Freshwater Reserves Under Ocean Floors ‘100 Times Greater’ Than What We’ve Used Since 1900

Phillip Ross

International Business Times

8 Dec 2013

The last place you might expect to find drinkable water is underneath the ocean. But that’s exactly where scientists have discovered a number of vast, untapped reservoirs of freshwater.

While exploring the ocean floor for pockets of oil and gas, scientists inadvertently came across evidence of massive aquifers sitting right below the ocean floor. According to the new study, published Dec. 5 in the journal Nature, the freshwater is located in continental shelves near Australia, China, North America and South Africa. Researchers estimate there is 500,000 cubic kilometers, or about 120,000 cubic miles, of low-salinity water holed up in seafloor reservoirs.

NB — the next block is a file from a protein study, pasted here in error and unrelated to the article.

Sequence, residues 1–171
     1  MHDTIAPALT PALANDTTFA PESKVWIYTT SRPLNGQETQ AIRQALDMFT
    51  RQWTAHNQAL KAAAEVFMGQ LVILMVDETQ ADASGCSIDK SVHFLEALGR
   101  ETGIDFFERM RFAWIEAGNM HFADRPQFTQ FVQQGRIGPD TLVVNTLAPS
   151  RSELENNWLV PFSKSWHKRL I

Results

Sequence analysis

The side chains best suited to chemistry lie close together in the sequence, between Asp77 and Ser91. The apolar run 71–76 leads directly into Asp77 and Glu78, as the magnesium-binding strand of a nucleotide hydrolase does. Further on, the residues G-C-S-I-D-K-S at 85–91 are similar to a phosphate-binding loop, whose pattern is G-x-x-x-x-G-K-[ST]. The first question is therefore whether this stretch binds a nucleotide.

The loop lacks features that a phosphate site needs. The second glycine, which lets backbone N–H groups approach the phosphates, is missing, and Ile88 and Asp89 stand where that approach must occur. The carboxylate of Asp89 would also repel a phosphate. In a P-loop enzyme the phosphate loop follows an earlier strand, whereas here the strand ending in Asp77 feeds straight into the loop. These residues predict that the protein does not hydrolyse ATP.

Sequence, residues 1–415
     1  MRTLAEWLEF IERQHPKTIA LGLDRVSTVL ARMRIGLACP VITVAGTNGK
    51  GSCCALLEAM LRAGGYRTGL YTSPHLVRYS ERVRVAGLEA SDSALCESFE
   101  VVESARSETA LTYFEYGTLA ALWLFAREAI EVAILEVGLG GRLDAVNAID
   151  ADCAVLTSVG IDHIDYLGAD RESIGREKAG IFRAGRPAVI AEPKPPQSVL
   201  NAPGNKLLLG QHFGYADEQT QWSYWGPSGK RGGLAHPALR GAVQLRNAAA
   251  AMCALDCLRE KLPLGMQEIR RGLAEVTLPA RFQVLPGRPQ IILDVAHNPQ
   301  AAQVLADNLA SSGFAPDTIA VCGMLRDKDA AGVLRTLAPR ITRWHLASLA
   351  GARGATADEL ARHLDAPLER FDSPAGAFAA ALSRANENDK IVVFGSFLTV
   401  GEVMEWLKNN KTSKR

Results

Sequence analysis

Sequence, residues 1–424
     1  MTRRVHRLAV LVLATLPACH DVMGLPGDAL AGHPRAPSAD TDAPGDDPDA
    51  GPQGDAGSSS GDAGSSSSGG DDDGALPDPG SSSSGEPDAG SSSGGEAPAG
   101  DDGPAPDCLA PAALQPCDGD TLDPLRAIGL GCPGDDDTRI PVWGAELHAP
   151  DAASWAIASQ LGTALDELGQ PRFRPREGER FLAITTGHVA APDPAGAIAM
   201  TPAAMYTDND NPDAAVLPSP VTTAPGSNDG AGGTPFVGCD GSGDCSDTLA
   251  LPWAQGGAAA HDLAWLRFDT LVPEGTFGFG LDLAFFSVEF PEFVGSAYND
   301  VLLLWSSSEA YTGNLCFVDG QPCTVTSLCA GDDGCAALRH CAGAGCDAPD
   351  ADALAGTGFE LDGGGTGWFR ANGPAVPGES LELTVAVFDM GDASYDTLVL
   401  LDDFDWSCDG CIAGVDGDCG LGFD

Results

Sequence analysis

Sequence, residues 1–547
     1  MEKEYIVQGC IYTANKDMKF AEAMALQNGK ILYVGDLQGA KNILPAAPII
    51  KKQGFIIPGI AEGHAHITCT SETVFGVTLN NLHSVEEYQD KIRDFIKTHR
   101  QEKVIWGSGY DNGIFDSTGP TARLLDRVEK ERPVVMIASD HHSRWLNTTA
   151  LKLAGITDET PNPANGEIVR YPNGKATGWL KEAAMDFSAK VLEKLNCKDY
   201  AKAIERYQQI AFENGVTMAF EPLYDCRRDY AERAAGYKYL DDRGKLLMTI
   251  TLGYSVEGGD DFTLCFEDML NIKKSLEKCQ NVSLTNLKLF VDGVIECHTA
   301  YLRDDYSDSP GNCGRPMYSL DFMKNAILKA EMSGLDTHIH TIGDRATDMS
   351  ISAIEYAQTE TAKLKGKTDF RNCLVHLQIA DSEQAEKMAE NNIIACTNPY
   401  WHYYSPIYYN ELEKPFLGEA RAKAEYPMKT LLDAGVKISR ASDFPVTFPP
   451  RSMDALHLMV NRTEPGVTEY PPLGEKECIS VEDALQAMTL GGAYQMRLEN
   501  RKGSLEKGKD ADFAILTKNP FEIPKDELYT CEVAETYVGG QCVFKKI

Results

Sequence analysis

“The volume of this water resource is a hundred times greater than the amount we’ve extracted from the Earth’s sub-surface in the past century since 1900,” Vincent Post, a groundwater hydro geologist from Flinders University in Australia and the lead author of the study, said in a statement.

Read more

Leave a Reply

Your email address will not be published. Required fields are marked *